Summer of Love:
In 1967, the “summer of love,” I was a sixteen-year-old-middle-class-White-boy-hippie-wannabe. Long hair, loud music, unshakeable opinions...Read the story
On Moving On
Moving on is never easy. That's especially true in a pandemic.
The only Good Vampire--
A REALLY short story.
Squashing a Grasshopper—
Moving ahead in one's career can be a ruthless business. Has our protagonist figured it out?
The English-Only Rule—
The daughter of Polish immigrants comes of age during the Depression.
A dying man wonders what his final thought will be. "Something big, I hope. Something important."
Elegy—What's it like to have something important to say, but no way to say it?
Hemingway Would Understand—A macho uncle, a 12-year-old boy and a gun. What could go wrong?
Ecce Romo--Memories are tricky. Controlling how you'll be remembered can be trickier, still.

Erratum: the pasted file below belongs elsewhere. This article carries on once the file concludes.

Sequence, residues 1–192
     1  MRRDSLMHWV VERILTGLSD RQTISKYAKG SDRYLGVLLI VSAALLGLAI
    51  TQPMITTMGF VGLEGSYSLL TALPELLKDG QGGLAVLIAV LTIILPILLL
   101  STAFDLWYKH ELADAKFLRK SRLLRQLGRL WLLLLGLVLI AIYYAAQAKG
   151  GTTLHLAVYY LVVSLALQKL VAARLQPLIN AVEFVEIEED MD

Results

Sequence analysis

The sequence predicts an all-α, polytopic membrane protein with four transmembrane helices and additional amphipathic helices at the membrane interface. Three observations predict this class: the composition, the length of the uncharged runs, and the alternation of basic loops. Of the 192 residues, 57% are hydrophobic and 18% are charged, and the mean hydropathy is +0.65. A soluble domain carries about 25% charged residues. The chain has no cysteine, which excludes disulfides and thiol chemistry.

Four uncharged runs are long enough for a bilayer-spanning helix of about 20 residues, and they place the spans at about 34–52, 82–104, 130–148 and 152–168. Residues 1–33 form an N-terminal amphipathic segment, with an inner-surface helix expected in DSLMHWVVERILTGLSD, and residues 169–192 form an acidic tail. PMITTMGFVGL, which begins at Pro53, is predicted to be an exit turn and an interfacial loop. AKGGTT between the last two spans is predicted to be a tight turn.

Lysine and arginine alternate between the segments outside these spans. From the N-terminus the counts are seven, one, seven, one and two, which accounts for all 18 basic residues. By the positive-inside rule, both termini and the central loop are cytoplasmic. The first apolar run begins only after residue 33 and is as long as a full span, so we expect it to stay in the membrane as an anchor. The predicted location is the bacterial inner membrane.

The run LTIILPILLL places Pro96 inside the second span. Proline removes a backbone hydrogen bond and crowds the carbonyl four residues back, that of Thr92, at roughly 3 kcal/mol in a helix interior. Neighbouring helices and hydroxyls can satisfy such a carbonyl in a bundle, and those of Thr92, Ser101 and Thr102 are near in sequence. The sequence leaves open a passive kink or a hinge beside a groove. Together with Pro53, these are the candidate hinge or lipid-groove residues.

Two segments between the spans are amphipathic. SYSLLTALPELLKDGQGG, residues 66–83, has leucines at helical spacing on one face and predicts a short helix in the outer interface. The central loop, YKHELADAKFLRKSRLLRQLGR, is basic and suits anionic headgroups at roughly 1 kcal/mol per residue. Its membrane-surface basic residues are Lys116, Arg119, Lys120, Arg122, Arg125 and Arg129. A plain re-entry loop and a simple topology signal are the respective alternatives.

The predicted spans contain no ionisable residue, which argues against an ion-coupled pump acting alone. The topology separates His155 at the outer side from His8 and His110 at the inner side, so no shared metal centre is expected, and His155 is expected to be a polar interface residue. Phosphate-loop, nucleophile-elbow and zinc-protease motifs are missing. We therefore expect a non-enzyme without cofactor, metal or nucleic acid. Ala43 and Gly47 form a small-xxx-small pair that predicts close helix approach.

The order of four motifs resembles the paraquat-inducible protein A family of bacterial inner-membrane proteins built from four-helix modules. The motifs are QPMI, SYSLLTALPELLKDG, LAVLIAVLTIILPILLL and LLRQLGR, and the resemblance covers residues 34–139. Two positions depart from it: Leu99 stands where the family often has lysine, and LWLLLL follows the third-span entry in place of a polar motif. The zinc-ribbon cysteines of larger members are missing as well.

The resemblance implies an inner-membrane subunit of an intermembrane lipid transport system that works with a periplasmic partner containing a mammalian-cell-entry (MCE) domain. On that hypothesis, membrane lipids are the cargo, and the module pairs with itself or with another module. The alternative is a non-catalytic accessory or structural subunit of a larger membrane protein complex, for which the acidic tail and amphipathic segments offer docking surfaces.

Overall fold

Broken Hearts— An alien reveals her true self to her earth boyfriend. It's not easy being purple.
Lost in Pittsburgh, a Flash Novel All chapters now avaialable!
Why are any of us here? Where do any of us belong?
This story is just slightly longer than its title.
The Laughing Monarch-- Life's big questions drive an insect buggy...
Raptured—Getting fired in this workplace occurs at the end of the day. By morning, all evidence one ever worked there will have been erased. Tragedy?
Four-One-One-- An old rotary phone triggers memories for a grieving woman. Some are pleasant. Others, well…read for yourself.
The Truth about Truth—Sometimes the truth sets you free. Other times…
Bigger Lies are Coming--Things that happen when your brain lies to you
Darwin's Monkey: Would you turn in your boss to move up the corporate evolutionary ladder?
Honest Abe’s Two Cents…And a Question
Who were those three guys, and what happened to them afterward?
Babysitting Michael—A pair of aging hippies demonstrate non-violent confrontation for their young grandson. Remember Chicago in '68?
Jazzy, Jacquest Barzun and Baseball
Jazzy had first learned English by reading and her vocabulary could sound strange to my American ears. Words like suitor, betrothal, nuptials.
But when Jazzy meant love, that was the word she used. As in her final message, just before the World Trade Center’s North Tower collapsed: “Joe! I love you and always will!” Read the rest of the story.